Like the others, Thomas had devoted his life to Jesus and sought to follow Him where ever Jesus planned to go. Thomas exhorted his fellow disciples to act in one, courageous accord. Should Jesus set foot in Judea, his life would be threatened by the Jews. Afraid for Jesus’ life, and theirs, the eleven other disciples sought to dissuade Jesus from returning to Judea. But Thomas? No. Instead, he challenged his friends to go with Jesus and sacrifice their lives should Jesus be taken captive by the Jews. Thomas appeared to be a we-focused, all-together, we-are-one, kind of guy.
Until the terrible day when Jesus was betrayed – by one of Thomas’ trusted, we-are-one friends.
Until Jesus was apprehended and arrested.
Until Jesus was tortured and beaten.
Until Jesus was forced to carry his cross to the Golgothan hill.
Until Jesus was crucified.
Until Jesus was dead.
His we-are-one days were over. Like all the others, Thomas scattered into the narrow streets and dark alleyways of Jerusalem in hopeless despair.
Thomas, the one who had enjoyed the camaraderie, trusted in the fellowship, been strengthened by the alliance of his eleven friends, and the care and love of Jesus, was all alone now. The man who had offered to give his life for Jesus, now chose to isolate himself – alone with his regret, shame, and sorrow.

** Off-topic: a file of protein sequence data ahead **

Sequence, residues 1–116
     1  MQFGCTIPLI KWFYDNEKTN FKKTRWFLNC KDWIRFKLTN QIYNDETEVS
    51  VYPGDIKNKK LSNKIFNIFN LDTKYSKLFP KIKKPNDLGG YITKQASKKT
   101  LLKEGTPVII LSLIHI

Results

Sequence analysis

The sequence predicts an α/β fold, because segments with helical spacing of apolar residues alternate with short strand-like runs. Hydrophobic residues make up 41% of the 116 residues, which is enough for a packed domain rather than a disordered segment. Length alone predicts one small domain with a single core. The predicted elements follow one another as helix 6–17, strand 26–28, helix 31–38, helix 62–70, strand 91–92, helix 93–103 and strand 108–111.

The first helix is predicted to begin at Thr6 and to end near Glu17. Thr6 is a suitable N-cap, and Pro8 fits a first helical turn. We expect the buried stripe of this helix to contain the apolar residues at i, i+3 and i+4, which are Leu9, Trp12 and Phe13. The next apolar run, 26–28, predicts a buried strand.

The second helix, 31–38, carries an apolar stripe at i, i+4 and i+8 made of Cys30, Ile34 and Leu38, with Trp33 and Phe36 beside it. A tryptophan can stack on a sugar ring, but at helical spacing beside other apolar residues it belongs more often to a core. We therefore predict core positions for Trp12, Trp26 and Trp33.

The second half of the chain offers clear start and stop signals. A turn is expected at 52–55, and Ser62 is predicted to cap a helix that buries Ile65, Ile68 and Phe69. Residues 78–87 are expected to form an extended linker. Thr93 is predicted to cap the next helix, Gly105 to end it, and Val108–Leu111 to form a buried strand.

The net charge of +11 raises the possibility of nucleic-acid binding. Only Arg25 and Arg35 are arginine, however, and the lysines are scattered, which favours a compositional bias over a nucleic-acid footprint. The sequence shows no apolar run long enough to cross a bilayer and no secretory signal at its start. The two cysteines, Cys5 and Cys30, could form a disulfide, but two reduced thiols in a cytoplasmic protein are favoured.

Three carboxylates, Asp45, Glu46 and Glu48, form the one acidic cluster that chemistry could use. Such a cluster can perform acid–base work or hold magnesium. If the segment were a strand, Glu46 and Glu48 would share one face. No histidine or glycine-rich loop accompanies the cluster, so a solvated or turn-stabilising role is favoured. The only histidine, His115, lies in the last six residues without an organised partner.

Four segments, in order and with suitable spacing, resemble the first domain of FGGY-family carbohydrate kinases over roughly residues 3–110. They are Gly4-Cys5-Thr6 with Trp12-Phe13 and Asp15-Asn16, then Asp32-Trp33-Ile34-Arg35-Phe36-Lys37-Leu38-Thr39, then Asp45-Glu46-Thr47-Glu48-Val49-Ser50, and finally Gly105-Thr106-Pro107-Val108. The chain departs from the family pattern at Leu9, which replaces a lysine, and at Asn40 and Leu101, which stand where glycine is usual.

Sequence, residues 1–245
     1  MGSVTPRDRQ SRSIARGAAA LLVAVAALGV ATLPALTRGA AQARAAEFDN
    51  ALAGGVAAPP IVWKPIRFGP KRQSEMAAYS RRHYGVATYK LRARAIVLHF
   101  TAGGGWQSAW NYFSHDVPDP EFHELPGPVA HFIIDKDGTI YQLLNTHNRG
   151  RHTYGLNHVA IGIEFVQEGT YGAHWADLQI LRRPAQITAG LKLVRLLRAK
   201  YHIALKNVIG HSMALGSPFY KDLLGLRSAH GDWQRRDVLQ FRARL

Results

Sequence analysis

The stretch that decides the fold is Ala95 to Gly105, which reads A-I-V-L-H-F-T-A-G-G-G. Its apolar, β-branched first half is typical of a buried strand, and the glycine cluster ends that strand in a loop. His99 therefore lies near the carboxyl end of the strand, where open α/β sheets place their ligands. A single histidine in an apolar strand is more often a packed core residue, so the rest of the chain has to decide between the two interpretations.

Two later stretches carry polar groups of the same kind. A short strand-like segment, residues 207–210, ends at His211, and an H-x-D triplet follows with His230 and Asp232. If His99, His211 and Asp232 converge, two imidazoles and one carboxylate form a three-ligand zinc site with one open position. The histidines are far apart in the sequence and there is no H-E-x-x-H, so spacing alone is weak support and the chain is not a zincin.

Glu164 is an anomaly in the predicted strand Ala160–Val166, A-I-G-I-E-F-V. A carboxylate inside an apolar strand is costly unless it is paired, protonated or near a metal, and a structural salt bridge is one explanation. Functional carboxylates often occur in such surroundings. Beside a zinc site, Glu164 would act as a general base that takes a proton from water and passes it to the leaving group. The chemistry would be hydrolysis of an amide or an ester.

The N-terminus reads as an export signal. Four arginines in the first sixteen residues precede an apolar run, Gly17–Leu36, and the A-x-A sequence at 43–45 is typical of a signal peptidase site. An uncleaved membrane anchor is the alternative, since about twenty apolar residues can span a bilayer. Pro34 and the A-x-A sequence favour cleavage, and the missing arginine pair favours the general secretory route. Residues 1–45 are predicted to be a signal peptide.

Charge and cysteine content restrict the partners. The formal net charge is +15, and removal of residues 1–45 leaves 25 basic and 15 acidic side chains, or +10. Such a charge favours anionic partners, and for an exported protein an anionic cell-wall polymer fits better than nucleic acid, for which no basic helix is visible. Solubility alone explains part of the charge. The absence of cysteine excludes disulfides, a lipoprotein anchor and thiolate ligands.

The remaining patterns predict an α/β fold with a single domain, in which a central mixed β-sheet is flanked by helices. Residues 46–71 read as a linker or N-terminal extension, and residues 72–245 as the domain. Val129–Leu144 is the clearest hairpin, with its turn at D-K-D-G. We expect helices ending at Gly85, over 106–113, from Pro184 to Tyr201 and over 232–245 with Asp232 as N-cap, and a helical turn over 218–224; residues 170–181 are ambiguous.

He couldn’t bring himself to join his friends. Tragically, this decision would cost him.
For on one miraculous day, ten of Thomas’ friends gathered together. They had received word that Mary Magdalene had seen Jesus! The ten followers rallied together in hope, in strength and in expectation.
They would not be disappointed.
On the evening of that first day of the week, when the disciples were together, with the doors locked for fear of the Jewish leaders, Jesus came and stood among them and said, “Peace be with you!”
After he said this, he showed them his hands and side. The disciples were overjoyed when they saw the Lord.
New International Version, John 20: 19 – 20
Thomas was nowhere to be found.
When Thomas finally finds his way back to his friends and hears that they have seen and spoken with Jesus, Thomas declares he will not believe this incredulous, resurrection story without proof. He wants to see the scars. He wants to poke his prodding finger into Jesus’ wounds. He wants to behold the nail marks. Why shouldn’t he? His friend, Judas Iscariot, had not only betrayed Jesus, but had betrayed him, too. Thomas, in his isolation and despair, held no hope for the miraculous anymore. His hopes and his dreams had died with Judas and with Jesus.